First Drive: Suzuki Jimny
Don’t be fooled by the cute styling, Suzuki’s tough Jimny means business. By Alex Grant.
SECTOR Compact 4×4 PRICE £15,499-£18,999 FUEL 37.7-41.5mpg (NEDC) CO2 154-170g/km (NEDC)
It’s 20 years since Suzuki’s last all-new Jimny. For context, the outgoing car reached the UK before DVDs, Google and even the original Ford Focus. Yet it has a loyal customer base – 1,000 are sold here each year, mostly to professional users, and often to repeat buyers. But that might be about to change.
The latest iteration – an achingly cute homage to Suzuki’s compact off-roaders marketed in retina-burning high-vis yellow – has upturned the apple cart. Global demand is way ahead of supply, and Suzuki GB’s 1,200-unit annual allocation is heavily oversubscribed too. The slow-and-steady Jimny has suddenly become very hot property.
There’s a catch. Jimny customers value its go-anywhere ruggedness, and Suzuki hasn’t reinvented its mechanical mountain goat as an urban crossover to broaden its appeal. That retro bodywork sits on a stiff ladder-frame chassis, powered by a 1.5-litre petrol engine with a selectable all-wheel drive system and high and low ratio gears. Music to the ears of drivers who need that capability, less so anyone wincing at its 154g/km CO2 emissions.
Space efficiency is everything here. The boxy bodywork is no bigger than a city car, but offers surprisingly generous passenger space and is easy to judge off road, while the switchgear feels durable and the touchscreen can be operated while wearing gloves. Bumper-mounted tail lights mean wider access to the boot, the aerial is offset for loading roof racks, and the rear bench folds away creating a flat, plastic-lined load area. It’s charmingly utilitarian, if a little short of creature comforts.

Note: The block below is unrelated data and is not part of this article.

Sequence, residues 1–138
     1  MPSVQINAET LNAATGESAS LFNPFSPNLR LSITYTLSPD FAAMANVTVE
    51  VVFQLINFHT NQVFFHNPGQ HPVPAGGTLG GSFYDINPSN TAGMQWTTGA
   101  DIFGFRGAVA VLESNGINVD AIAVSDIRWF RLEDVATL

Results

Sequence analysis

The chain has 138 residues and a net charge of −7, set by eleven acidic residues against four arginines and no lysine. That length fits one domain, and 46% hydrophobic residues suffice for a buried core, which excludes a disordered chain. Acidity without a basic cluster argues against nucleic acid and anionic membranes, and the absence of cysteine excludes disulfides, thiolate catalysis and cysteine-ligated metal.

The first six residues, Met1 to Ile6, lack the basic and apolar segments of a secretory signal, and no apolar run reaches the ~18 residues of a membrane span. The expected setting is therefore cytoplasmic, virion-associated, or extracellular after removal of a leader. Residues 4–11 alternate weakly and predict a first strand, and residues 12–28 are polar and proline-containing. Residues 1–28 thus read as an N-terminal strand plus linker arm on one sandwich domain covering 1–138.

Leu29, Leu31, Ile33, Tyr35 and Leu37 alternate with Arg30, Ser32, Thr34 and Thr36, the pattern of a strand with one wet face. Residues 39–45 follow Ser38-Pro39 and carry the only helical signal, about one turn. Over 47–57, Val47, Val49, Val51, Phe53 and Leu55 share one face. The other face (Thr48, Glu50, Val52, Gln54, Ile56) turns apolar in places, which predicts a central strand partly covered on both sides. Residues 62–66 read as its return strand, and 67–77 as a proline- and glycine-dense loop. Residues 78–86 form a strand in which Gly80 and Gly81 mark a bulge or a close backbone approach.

Previous versions were famed for being as great off road as they were hopeless on it, and Suzuki has improved on both. The larger-capacity engine offers more power and torque, while smaller overhangs and extra ground clearance help the featherweight Jimny scramble effortlessly over rough terrain. It’s small enough to stray further into the wilderness than most fully-fledged off-roaders, too.
On the flip side, although on-road manners have improved markedly, it’s still much noisier and bouncier on tarmac than any road-biased SUV, not helped by short gearing. Ride quality is better, it’s a little quieter and the steering is properly damped, lacking the old car’s tendency to fidget over rough surfaces, but the novelty of its cute styling would wear off very quickly when tasked with a long motorway drive.
The UK range comprises two trim levels, with the top-spec SZ5 expected to be the volume seller. It’s luxurious, by Jimny standards, with navigation, smartphone connectivity, heated seats, climate control and LED among the standard features, while an automatic gearbox is optional. Both trims include the expected active safety equipment, though it’s not enough to avoid a three-star Euro NCAP rating.
But, for those who need it, there’s still no alternative. Considering the pace of change in the automotive industry, it’s hard to predict where the market will be in 20 years. But, if the old car is anything to go by, you might be looking at a rare survivor here.
It’s hard not to find the Jimny’s giant-killing off-road ability and retro design endearing. But, objectively, there are plenty of better options if you don’t stray off the tarmac.